COTY 2008 - Peugeot 308

Peugeot's longer, wider, lower and heavier - by a hefty 155kg on the base model - 308 presents to the market with an almost bewildering choice of models.

Buyers select from three petrol and two diesel engines, five- and six-speed manual gearboxes and four- and six-speed automatics, in five-door hatchback or long-wheelbase Touring (wagon) bodystyles. All for sales of less than 3000 cars in 2008, a below-par result that is at least partly explained by the elevated prices: a $25,990 entry-level sticker shocked the panel. But, as the judges quickly discovered, the French attempt to portray the 308 as a Euro-premium isn't supported by the driving experience.

Peugeot admits the 308's basic architecture is carried over from the 307, and the two models share the same 2608mm wheelbase (2708mm in Touring), while retaining the same windscreen-forward design, tall proportions and the marque's strange obsession with a long front overhang and a wide-mouthed grille. The days of Pininfarina's elegant influence on Peugeot design are long gone. The front suspension is MacPherson struts, and the 308 preserves hydraulic power-steering rather than swapping to a new electric system. Against the class best, the retention of a torsion-beam rear suspension, rather than the independent multi-links of the Mazda 3, Golf and Focus, negatively impacted on ride and handling.

On the varied surfaces of the proving ground, there was uniform acknowledgement that the 308 was a significant improvement in handling over the 307, but the judges still found plenty to criticise. The disappointing performance of the throbby 1.6 petrol engine (shared with the Mini), especially when tied to the lazy and inconsistent auto tranny, worried the panel. "Slow, slushy, slippery, horrible," exclaimed a frustrated Stahl. Some felt that at the price, the base 308 XS deserved the smoother and better performing 1.6-litre turbo of the $30,590 XSE, though the downside was obvious - the added grunt introduced unwelcome torque steer.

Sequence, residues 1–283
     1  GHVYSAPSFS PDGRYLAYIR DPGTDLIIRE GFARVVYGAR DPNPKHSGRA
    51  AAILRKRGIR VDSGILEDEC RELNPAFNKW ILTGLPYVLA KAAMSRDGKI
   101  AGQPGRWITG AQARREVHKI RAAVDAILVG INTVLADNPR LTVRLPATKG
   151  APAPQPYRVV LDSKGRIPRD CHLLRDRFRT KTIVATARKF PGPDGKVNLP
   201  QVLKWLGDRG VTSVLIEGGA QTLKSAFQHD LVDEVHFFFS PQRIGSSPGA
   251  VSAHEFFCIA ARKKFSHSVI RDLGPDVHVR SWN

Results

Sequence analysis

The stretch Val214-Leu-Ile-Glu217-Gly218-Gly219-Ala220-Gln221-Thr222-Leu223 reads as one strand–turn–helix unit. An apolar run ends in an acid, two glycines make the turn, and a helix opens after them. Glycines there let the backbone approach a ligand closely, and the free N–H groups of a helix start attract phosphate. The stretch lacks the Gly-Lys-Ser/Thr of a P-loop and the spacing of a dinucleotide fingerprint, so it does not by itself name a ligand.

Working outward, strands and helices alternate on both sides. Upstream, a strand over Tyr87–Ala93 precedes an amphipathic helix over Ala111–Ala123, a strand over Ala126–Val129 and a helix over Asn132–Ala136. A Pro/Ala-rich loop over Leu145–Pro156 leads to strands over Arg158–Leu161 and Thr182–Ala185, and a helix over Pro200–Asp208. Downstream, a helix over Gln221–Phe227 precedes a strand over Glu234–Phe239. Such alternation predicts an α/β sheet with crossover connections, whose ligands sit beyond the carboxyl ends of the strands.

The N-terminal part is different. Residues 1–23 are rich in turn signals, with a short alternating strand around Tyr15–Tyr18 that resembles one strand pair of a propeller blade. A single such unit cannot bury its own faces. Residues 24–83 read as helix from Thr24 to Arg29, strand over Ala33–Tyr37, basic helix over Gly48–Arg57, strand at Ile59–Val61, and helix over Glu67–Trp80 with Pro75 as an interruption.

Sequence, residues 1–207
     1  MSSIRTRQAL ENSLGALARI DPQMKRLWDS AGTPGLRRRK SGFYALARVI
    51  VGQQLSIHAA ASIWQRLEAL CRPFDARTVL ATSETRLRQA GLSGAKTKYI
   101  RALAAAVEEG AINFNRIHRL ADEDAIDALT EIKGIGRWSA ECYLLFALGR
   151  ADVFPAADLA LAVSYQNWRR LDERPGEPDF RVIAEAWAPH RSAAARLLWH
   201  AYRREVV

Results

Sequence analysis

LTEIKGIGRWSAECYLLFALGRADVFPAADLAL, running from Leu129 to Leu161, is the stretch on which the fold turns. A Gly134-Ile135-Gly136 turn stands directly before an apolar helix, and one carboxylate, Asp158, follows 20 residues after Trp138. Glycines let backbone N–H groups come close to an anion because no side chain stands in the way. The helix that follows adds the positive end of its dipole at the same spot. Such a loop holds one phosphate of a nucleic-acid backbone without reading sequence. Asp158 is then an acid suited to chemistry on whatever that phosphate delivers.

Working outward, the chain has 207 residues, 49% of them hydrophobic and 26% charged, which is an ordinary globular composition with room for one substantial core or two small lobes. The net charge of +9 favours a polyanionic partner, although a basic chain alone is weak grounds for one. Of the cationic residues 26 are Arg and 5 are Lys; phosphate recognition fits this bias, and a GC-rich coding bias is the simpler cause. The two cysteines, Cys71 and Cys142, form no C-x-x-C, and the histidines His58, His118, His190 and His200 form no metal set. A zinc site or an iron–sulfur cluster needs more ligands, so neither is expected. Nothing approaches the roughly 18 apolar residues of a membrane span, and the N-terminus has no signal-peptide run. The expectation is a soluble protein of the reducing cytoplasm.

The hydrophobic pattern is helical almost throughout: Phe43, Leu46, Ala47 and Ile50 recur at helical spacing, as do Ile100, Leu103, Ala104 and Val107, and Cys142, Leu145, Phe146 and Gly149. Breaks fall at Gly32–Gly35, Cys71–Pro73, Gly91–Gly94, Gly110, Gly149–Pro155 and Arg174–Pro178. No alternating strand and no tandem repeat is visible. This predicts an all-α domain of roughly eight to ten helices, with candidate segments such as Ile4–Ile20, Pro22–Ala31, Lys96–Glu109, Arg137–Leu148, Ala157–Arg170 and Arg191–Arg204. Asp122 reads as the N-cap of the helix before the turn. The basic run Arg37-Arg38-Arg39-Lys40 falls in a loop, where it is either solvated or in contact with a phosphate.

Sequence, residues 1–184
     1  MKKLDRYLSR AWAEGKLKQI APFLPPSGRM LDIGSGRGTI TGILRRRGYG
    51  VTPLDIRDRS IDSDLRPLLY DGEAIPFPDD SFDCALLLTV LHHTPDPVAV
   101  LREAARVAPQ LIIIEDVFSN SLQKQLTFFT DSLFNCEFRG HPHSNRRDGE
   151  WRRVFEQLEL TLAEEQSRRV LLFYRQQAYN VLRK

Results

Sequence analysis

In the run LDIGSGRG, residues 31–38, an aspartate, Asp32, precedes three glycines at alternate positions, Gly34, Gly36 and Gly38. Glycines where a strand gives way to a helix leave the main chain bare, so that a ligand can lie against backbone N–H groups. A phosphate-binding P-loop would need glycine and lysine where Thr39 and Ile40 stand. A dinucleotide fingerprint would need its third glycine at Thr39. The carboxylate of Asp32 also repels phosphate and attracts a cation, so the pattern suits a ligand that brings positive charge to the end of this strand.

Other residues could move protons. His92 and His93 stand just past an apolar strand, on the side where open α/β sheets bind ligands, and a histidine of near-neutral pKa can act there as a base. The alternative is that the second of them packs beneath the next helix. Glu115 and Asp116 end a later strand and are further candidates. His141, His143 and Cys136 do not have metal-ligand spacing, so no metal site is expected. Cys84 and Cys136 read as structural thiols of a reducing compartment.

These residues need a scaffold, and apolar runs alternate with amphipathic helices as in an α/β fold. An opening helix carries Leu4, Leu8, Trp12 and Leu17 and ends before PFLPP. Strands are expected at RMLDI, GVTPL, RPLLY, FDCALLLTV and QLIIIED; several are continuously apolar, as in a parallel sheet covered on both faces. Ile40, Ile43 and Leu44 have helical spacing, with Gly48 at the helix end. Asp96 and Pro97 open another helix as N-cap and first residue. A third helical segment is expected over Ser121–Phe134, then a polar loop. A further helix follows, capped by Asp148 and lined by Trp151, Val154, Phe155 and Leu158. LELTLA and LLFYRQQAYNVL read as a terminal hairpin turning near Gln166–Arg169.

From behind the wheel it was impossible not to be impressed by the 2.0-litre turbo-diesel when it was tied to the excellent six-speed automatic. This combination is relaxed, impressively responsive and undemanding.

"By far the best," enthused Newton. "Powerful, smooth."

Apart from the obvious performance differences, the most striking divergence between the various models was evident in the steering and ride. On the petrol models the steering was lighter and more fluent than that of the diesels, which was heavier and slower to react. Yet, even among the petrol engines the steering feel varied, to the point where some judges believed the 1.6 XTS had a quicker steering rack that produced more 'pointy' handling, at least on smooth blacktop. Rack rattle and kickback were obvious on rough surfaces, while the ESP performance produced a mixed response, and the ABS braking was judged no better than average. The front suspension on a couple of cars groaned and knocked over corrugations, while the ride varied between acceptable and choppy, verging on harsh. "Crashy ride, poor by the class standard," complained Carey.

The French affliction for a weird driving position continues. The long-arm/short-leg relationship between driver and car is exaggerated by flat and high pedals and soft, flat seats that fail to deliver proper support. Recently, Peugeot has made huge strides in terms of perceived quality and the 308 is the best yet. Materials, textures and finish are ahead of the 307, if not quite to Golf standards.

If the hatchback failed at the first ballot, the better driving Touring gained solid support from a couple of judges, predictably those with young families who saw the extra value and appeal of what is essentially a crossover model with three rows of seats. Because of the 100mm stretch in wheelbase (all behind the B-pillar) and the extra seats, the Touring was treated as a separate model
in its own right.

Peugeot calls the rear-most seats 'occasional', an honest description that indicates they are best used for sixth and seventh child passengers. Cargo space is limited when the third-row seats are in place, but they fold flat on the floor and can, like the centre row, be removed completely to produce a vast 2149-litre carrying capacity.

Any realistic comparison with its logical competitors marks the inconsistent and flawed 308 poorly for value, a major handicap in the COTY evaluation. The base car even misses out on standard stability control. So while the 308 pushes Peugeot forward in some areas, the way it drives still incorporates too many of the faults left over from the previous model. Nobody was surprised when the Pug failed to go beyond the first knock-out stage.

In the market for a new car? Check out Australia's Best Value Cars.

Sign up here to receive the latest round-up of Wheels news, reviews and video highlights straight to your inbox each week.

Want free access to 5 years of Wheels archive content? Sign up now!